In order for an autopilot to get an aircraft from Point A to Point B smoothly and safely, many components must work together; the main component being the autopilot computer. The autopilot computer receives input from various sensors and then outputs commands to the servo motors to position the control surfaces to fly the aircraft.
The most important input is from the vertical reference gyro that tells the computer the aircraft’s attitude in both pitch and roll. The autopilot computer uses this changing attitude signal to command smooth maneuvering keeping the aircraft level and upright.
If the autopilot were to lose this attitude signal, either because the gyro ceased to output or the connection between the computer and gyro went down, it could command the aircraft to do a complete roll over or hard pitch up or down. When a gyro is slow to respond, it can cause oscillations in roll or pitch porpoise problems. This condition is very difficult to duplicate on a ground check but will manifest itself in the air due to the interaction and response required by the computer from the gyro.
Common autopilot problems are roll or pitch oscillations commonly referred to as “wing rock” or “pitch porpoise.” These are typically caused by an Inner Loop problem. The Inner Loop consists of the servo motor electrically driven by the autopilot computer and mechanically linked to surface controls usually via cabling. It is critical that within this Inner Loop, the cable tension is up to stated specs. If the servo motor has to spool up tension on the cable before a control surface can respond, it will allow the aircraft to drift off course before correction is made and then over correct coming back. This causes it to continually be “behind” itself and cause slower and larger oscillations.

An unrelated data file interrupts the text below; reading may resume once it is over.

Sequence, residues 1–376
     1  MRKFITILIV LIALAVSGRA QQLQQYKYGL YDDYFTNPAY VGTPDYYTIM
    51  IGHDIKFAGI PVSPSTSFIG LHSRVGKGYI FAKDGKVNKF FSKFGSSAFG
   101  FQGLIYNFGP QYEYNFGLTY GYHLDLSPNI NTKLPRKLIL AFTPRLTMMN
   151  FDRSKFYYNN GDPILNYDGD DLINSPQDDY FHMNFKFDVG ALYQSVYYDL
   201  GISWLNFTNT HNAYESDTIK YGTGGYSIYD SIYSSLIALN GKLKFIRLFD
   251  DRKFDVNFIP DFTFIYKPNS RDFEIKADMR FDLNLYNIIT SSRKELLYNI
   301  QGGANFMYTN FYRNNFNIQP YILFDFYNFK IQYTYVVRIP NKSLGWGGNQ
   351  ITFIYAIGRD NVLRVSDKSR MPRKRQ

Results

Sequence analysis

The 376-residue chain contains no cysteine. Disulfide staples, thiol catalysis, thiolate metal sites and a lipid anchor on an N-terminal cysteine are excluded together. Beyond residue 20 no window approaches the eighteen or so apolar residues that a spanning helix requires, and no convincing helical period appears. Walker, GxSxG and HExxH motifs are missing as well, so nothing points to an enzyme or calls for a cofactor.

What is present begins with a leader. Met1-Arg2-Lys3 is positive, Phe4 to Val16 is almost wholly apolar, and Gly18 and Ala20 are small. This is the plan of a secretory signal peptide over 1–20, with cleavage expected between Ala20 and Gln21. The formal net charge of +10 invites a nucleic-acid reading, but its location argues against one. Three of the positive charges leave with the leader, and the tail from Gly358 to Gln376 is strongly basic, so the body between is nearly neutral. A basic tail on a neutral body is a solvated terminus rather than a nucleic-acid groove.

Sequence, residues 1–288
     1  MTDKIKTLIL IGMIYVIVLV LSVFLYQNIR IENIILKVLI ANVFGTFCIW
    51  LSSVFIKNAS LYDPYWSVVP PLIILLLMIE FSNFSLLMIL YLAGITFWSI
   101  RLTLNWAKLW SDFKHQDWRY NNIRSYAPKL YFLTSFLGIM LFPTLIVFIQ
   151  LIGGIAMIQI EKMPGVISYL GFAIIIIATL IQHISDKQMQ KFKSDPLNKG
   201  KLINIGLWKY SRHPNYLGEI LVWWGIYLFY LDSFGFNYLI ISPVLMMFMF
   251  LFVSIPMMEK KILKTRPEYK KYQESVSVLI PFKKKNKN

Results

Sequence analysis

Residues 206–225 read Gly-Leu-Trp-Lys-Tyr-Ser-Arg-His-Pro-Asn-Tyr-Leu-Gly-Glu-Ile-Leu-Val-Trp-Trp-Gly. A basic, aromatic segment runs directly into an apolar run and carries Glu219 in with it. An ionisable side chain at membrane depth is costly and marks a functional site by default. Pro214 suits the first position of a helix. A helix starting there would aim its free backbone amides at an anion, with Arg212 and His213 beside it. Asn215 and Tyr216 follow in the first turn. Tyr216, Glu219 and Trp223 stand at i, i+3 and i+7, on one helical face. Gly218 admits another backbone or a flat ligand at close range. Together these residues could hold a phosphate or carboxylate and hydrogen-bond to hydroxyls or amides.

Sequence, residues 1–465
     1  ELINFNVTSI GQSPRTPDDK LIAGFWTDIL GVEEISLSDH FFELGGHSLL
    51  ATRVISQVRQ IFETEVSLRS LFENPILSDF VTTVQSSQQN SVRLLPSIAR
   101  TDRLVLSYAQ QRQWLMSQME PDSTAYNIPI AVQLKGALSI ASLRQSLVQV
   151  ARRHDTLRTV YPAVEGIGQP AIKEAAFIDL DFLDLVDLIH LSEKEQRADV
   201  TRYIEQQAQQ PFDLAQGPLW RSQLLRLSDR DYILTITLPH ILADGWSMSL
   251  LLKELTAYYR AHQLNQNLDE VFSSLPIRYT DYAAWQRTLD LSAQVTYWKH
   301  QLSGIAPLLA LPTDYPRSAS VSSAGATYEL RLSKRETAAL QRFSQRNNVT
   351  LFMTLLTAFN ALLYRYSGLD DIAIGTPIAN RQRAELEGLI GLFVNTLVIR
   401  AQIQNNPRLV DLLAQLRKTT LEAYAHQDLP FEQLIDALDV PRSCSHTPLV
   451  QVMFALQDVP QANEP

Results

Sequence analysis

The servo motor can be another source of unwanted oscillations. Typical servos have a generated rate signal that is dependent on the speed of the servo. This tach signal is processed by the autopilot computer for speed control. Commonly the pickoffs for this signal in the servo get worn or highly resistive and put out a reduced or erratic signal. This can cause the servo to run too fast and overshoot thereby setting up smaller and more rapid oscillation. This is a relatively small amplitude signal, so resistive contacts in the signal line can cause erratic operation. Often, if you are able to see control yoke oscillation on the ground check, there is a good chance the problem is the servo motor.
Of course you can never rule out the autopilot computer as a source of oscillation problems due to processing of the signals and commanding of the servos. The symptoms can imitate those caused by both incorrect cable tensions and servo motors.
For free technical advice or troubleshooting assistance, contact your Duncan Aviation Tech Rep.
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